The voices of Urban Institute's researchers and staff
September 29, 2015

How can cities, hospitals, and universities better partner to boost inclusive growth?

As cities shake off the worst of the recession, many still struggle with a range of challenges that limit economic growth. Local governments are forced to confront issues such as deepening poverty with constrained budgets and limited state and federal support.

Cities need partners to address these challenges. Colleges, universities, and hospitals—so-called anchor institutions—serve as engines of innovation and growth for local and regional economies. But anchors and city leadership are not always in tune with each other’s priorities and values, which puts a strain on collaboration. 

Today, the National Resource Network released Striking a (Local) Grand Bargain, which we wrote in partnership with Neil Kleiman at New York University’s Wagner School. Our new report suggests different approaches for   identifying the best ways to align cities and local anchors around shared interests and large-scale economic and community development.

After speaking with 40 experts, including university chancellors and presidents, hospital administrators, federal officials, foundation program officers, and academics, we developed a set of actionable recommendations for local leaders, anchor institutions, and philanthropy to spark and support mutually beneficial partnerships that promote local prosperity. Here are few of our key insights. 

Small and midsize cities show big promise

Smaller cities tend to have a greater connection to their anchor leadership. Modest size doesn’t always lead to stronger partnerships, but cities like Wilkes-Barre, Pennsylvania; Waco, Texas; and Kansas City, Kansas stand out when it comes to planning turnaround strategies jointly determined by an anchor institution and local leadership. In these smaller locales, the economic impacts were felt most immediately and clearly.

What triggered these partnerships? In these places and a few others we identified in our field review, severe economic distress was a major motivator for closer collaboration.

Hospitals and community groups should leverage the Affordable Care Act to drive investment tailored to specific community needs

With the advent of the Affordable Care Act, hospitals are changing the way they approach community engagement and economic development. The tax code now requires hospitals to engage with communities using measurable, evidence-based strategies, which opens up a wide range of possibilities such as improving housing conditions, expanding access to healthy food, and reducing air pollution.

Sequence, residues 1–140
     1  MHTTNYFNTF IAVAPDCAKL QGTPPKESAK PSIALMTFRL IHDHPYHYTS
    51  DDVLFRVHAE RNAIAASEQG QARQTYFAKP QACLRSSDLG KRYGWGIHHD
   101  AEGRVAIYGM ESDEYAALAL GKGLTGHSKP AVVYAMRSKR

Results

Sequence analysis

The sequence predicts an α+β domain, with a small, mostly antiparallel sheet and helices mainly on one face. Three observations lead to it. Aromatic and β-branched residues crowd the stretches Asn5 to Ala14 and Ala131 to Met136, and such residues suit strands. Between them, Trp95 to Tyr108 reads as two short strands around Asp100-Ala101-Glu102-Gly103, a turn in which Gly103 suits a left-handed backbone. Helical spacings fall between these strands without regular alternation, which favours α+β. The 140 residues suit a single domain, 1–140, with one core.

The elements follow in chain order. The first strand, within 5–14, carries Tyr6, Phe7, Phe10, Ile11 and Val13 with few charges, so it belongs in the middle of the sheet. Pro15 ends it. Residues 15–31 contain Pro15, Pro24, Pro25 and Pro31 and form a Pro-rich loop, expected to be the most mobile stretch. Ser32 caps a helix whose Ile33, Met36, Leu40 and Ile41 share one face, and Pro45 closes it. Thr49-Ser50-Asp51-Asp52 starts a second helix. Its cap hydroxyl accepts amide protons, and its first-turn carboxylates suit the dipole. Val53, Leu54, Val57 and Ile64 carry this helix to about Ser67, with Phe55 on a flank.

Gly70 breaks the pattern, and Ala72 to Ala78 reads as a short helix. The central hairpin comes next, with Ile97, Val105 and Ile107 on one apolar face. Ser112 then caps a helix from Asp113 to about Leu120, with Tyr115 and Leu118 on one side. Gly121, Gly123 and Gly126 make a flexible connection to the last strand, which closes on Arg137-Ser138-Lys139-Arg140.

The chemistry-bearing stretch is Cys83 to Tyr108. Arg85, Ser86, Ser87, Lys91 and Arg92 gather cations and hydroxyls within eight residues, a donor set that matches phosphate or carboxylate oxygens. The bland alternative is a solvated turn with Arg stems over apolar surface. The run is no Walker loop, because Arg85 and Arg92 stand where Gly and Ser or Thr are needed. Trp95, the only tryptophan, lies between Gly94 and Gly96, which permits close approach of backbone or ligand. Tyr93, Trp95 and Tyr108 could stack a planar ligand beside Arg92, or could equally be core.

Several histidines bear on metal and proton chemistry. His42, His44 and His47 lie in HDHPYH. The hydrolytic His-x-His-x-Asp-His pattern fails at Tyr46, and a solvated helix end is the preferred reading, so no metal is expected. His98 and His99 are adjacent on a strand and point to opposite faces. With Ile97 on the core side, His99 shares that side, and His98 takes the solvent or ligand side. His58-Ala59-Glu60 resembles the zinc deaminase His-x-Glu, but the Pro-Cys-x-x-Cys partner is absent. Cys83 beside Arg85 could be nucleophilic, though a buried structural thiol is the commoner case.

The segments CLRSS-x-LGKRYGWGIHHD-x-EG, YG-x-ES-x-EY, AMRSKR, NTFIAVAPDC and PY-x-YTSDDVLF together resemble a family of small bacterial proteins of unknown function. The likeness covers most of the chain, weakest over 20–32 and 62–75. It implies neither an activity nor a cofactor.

If the Internal Revenue Service clarifies that hospitals can claim proven community-building programs (like affordable housing interventions) on their 990s, by providing illustrative programs and approaches, that would go a long way toward expanding hospitals’ role as a partner in creating healthier communities.

Colleges should use data and engage local firms to help students build the skills and credentials employers need

This is an opportune time to use data strategically to improve student outcomes and regional economic development at the same time. The Workforce Innovation and Opportunity Act encourages local stakeholder involvement and collaboration between education and workforce development systems, providing a foundation for meaningful connections between local high schools, institutions of higher education, and employers.

Four-year colleges can develop matriculation agreements to make it easier for community college students to transfer—and bring their credits along. Community colleges can help students make informed decisions about different educational and career pathways. Hospitals and health care institutions and technical and professional service employers in STEM fields can provide on-the-job training opportunities for students. And community colleges and universities can analyze and interpret local economic data to design strategies that both help students succeed and meet employers’ needs.

We need a paradigm shift

Let’s move away from the old frame of “town-gown,” which puts the onus on anchor institutions to manage relationships with surrounding communities. Instead, let’s adopt a new paradigm that assumes interests can be aligned and strengths leveraged. This type of approach may well lead to a healthier local economy and broader prosperity, especially for more vulnerable members of the community. 

In this photo taken Monday, April 20, 2015, a sidewalk leads to South Building on campus at The University of North Carolina in Chapel Hill, N.C. (AP Photo/Gerry Broome)

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As an organization, the Urban Institute does not take positions on issues. Experts are independent and empowered to share their evidence-based views and recommendations shaped by research.